Naming

A hefty serving of business wisdom was offered up in a telecast I heard last week, featuring the founder of Starbucks (Howard Behar), the founder of StartUpNation , and the author of a new book about business success. One of the many salient points made: as established by Peter Drucker many years ago, the results-oriented activities of any business are its marketing and its innovation (while all other activities are mere costs), and naming something in itself is an innovation. Their example was the labeling of Starbuck’s drink as short, tall, and grande; a naming that became an important innovation that helped to establish their incredibly powerful brand.

Having the motivation and courage to start up your own business is admirable in itself, but many folks stall when it comes to naming their endeavor. As I chat with other virtual assistants, it’s clear that this is often a real stumbling block.

“A thing’s name is its numen,” said Northrop Frye eons ago. I memorized the statement at the time, for its pithy truth. Definition of numen: divine power or spirit; a deity, esp. one presiding locally or believed to inhabit a particular object. Deciding upon your business name is deciding upon its spirit. In one sense, it’s a terrifying choice to make; but on the other hand, if you’re really into and ready for the experience, probably the spirit communicates itself to you voluntarily, and your business name appears effortlessly.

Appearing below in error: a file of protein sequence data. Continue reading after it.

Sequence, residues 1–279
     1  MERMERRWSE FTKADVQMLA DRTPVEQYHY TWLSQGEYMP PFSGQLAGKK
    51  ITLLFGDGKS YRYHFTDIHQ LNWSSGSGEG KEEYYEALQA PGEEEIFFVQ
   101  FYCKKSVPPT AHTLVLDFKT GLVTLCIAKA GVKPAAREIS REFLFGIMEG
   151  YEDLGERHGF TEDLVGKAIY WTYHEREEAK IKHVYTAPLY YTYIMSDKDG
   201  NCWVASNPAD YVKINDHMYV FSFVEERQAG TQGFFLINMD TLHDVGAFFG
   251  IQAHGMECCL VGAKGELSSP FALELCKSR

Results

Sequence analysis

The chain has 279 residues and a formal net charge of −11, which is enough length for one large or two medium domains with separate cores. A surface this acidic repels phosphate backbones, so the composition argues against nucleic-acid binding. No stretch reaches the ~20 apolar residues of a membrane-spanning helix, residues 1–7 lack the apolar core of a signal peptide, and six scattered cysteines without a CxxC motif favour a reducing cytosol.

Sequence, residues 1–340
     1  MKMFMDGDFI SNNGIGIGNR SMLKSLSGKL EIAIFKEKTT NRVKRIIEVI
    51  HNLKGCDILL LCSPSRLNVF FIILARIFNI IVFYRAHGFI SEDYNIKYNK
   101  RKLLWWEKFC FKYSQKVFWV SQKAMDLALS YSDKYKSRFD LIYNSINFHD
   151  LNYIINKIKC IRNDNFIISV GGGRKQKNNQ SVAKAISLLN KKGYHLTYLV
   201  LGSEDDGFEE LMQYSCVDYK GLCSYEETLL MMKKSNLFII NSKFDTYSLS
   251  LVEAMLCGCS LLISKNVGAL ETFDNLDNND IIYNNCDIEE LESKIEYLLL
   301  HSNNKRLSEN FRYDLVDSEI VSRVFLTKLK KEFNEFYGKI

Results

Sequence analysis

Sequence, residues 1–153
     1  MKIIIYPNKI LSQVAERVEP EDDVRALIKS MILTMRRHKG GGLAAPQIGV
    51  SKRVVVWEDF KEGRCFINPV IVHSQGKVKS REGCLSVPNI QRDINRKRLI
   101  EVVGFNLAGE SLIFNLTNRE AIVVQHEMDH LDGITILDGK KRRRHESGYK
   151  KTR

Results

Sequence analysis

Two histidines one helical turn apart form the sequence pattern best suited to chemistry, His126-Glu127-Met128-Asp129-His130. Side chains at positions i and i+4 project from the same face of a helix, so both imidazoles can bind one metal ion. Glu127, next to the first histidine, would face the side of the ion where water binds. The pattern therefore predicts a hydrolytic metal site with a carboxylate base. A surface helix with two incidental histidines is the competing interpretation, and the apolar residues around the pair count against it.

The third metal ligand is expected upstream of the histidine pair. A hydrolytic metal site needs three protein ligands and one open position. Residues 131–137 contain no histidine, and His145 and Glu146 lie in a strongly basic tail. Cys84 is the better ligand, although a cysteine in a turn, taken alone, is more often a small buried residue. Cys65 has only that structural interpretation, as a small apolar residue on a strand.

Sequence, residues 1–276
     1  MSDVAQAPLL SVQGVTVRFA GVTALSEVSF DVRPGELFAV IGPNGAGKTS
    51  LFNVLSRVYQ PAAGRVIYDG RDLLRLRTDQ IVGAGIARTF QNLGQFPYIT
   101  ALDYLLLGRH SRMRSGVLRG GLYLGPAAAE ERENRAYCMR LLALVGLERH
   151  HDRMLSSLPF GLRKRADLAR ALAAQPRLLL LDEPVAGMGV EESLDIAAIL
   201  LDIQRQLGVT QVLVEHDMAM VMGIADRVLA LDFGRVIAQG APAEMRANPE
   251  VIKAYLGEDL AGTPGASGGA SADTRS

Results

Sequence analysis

As an example: it’s not my business name, but my business website has the domain name, asthemoonclimbs. Unwilling to duke it out for the perfect keywords pertaining to virtual assistance, at the time I simply went with the spirit that presented itself. Excited to be concentrating on my ancient skill of writing, and thinking about all the tragically terrible writing out there, especially on the internet, and thinking about how the Zen archer moves beyond the use of bow and arrow, and – I must add – having maniacally high expectations for my own productivity, I was struck by the domain name out of the blue, and didn’t fight it for an instant. If a person says their name is Fred, you have to call them that whether they look like a Fred or not.

To satisfy the curious, the phrase ‘asthemoonclimbs’ comes from a poem by Archibald MacLeish:
A poem should be motionless in time
As the moon climbs.
A poem should not mean, but be.

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